The flashcards virtually write themselves.
Back when I thought I was going into a medical major and I ended up taking anatomy – this flash card memorization strategy made the seemingly impossible task of memorizing hundreds of bones – easy.
Active recall can make these classes super easy. They are virtually brainless. It’s almost like a game on your phone to run through a set of flashcards. It’s not the most fun thing in the world but given the choice between boredom and playing, you’d pick playing.
But there are certain classes where active recall doesn’t obviously help very much.
Take a writing course, for example. You don’t need to memorize much to write a good paper. Active recall is almost completely irrelevant.
But what about math? Can you use active recall in math?
Naturally… you could memorize complicated equations using flashcards… that’s something. But that’s only a tiny part of math that usually not really required when you know how to use the equations.
But can you use active recall to create results just as powerful as in a history or anatomy course?
And to get to the answer – Abso-freaking-lutely.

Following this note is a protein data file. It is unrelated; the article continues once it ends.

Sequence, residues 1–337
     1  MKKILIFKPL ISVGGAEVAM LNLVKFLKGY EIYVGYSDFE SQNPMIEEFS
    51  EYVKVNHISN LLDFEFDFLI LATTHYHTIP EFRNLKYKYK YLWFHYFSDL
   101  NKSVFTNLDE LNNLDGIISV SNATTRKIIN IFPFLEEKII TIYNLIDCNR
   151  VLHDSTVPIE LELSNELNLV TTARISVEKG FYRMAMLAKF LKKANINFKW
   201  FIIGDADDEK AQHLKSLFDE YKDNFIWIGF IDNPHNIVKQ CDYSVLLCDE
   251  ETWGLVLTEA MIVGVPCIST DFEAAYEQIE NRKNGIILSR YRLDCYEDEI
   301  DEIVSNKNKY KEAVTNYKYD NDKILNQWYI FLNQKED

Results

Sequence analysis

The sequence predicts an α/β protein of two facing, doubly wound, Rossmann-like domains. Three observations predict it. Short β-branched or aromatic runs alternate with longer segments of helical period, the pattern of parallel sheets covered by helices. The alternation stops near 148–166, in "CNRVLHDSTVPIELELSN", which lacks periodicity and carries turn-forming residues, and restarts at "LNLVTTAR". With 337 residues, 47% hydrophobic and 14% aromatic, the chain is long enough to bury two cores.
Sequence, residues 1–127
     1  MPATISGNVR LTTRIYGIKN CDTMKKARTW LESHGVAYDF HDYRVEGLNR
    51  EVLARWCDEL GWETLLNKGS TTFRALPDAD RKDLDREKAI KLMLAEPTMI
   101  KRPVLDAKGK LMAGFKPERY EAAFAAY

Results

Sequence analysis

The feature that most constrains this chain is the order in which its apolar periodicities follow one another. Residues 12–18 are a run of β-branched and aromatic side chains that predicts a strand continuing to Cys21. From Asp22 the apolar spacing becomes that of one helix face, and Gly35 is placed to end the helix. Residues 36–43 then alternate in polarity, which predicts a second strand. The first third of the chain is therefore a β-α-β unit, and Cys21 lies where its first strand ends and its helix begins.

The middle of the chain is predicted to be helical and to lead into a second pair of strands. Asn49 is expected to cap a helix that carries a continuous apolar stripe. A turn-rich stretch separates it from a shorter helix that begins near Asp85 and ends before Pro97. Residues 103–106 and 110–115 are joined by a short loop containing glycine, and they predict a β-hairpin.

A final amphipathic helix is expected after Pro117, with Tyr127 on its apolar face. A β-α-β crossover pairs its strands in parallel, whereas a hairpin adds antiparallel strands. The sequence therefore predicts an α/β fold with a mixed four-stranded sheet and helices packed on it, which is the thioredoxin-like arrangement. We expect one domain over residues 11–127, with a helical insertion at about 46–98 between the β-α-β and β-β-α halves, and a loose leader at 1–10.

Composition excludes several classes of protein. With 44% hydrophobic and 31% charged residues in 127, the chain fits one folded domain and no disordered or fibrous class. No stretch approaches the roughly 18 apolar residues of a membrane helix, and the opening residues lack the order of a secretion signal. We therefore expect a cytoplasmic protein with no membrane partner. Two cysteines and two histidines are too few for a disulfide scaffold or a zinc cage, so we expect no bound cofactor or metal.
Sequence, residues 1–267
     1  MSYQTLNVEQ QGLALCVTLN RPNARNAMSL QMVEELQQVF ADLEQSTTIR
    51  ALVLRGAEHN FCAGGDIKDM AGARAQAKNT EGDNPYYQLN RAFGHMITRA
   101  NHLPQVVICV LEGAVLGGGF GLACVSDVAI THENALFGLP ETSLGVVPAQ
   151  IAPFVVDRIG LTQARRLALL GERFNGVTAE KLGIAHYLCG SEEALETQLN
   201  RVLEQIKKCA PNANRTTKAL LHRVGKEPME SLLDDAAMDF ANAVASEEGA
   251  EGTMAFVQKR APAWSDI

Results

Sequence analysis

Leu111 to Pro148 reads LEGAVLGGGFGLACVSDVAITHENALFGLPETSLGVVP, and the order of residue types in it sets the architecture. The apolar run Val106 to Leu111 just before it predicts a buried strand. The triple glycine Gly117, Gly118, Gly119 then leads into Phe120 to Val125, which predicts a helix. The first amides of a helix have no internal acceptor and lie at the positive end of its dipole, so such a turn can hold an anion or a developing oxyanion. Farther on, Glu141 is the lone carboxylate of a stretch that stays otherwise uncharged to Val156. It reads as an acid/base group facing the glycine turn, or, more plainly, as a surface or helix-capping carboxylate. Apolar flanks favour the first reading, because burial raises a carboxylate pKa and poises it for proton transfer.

You’re going to like this.
What Makes Math So Different
There are two distinct kinds of memory:
1. Declarative memory
You use declarative memory to remember most stuff for school. This is the information that fits well on a flashcard. It’s remembering state capitals. It’s remembering the bones in your body. It’s remembering stuff that’s really easy to explain.
2. Procedural memory
Procedural memory is the memory you use to learn “how” to do something.
When you learn to ride a bike, you’re using your procedural memory. You don’t remember… I need to pedal. I better lean this way. I need to turn now. Whoa… Gotta’ keep pedaling! You learn the motion and it becomes automatic for your body.
Imagine trying to explain how to ride a bike to someone that has no idea what you’re talking about. Odds are, they’re not going to listen to you and instantly know how to ride it themselves.
Procedural memory is something you use in math courses to solve problems.
This is the part of math that makes it so difficult to implement an active recall strategy into your study routine. How can you learn a procedural process while using a study strategy that requires you use your declarative memory?
The answer is something that can take a mediocre math student and turn them into a mythical mathematical genie.
The key is learning to break the procedures into something more declarative.
For Those Of Us Not Born Gifted
Math class isn’t any particular single procedure for most students.
Sure… some mathematical geniuses are born gifted enough to instinctively understand how all mathematical changes are the result of a single underlying logic. One they get the basic rules, they can solve just about any ridiculous problem you put in front of them. But… that’s not me. And that’s not most of us.
Math, to most of us, is a number of different procedures that we have to learn how and when to use for each particular problem.
Have you ever noticed how there are different examples of different problems through each chapter of your textbook?